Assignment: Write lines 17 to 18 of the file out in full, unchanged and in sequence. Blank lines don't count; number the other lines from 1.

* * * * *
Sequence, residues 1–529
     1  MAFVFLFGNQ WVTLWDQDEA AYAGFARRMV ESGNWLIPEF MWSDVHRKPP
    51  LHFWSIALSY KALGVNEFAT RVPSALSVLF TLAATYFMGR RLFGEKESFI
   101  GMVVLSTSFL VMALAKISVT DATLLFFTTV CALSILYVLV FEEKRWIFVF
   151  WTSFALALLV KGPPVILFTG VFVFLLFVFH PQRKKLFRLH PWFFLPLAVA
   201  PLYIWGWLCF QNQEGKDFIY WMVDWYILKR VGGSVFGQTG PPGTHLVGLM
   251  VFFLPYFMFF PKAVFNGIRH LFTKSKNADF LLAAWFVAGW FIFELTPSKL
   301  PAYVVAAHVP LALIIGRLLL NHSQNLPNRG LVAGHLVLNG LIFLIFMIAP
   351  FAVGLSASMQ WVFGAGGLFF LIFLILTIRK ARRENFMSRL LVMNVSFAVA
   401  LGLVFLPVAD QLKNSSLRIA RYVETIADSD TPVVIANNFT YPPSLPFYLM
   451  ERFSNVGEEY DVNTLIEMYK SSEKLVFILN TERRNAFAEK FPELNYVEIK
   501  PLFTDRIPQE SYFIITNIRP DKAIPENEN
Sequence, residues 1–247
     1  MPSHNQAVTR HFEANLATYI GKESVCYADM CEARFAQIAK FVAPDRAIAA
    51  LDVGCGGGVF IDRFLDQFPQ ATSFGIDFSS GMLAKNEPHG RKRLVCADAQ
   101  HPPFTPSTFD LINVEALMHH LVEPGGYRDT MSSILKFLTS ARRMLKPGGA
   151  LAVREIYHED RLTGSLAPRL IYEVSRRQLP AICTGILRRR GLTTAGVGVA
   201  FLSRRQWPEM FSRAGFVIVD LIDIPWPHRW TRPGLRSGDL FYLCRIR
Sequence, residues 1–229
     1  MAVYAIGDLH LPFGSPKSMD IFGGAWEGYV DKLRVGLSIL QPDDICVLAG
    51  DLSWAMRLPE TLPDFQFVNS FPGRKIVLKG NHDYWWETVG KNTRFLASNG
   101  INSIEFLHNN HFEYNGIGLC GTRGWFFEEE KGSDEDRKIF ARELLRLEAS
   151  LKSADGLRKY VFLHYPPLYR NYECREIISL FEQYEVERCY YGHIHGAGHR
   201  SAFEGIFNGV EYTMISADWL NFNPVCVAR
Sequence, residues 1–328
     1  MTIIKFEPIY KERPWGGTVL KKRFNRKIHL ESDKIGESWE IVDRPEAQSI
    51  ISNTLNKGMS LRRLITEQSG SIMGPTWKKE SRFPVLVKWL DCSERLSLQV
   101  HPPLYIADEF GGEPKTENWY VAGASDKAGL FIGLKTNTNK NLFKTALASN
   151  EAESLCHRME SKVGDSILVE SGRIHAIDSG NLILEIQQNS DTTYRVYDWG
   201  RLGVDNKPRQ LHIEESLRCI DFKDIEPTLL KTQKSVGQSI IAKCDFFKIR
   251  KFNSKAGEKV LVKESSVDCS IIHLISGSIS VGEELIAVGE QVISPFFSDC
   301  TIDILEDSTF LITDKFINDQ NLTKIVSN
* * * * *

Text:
   151  LAVREIYHED RLTGSLAPRL IYEVSRRQLP AICTGILRRR GLTTAGVGVA
   201  FLSRRQWPEM FSRAGFVIVD LIDIPWPHRW TRPGLRSGDL FYLCRIR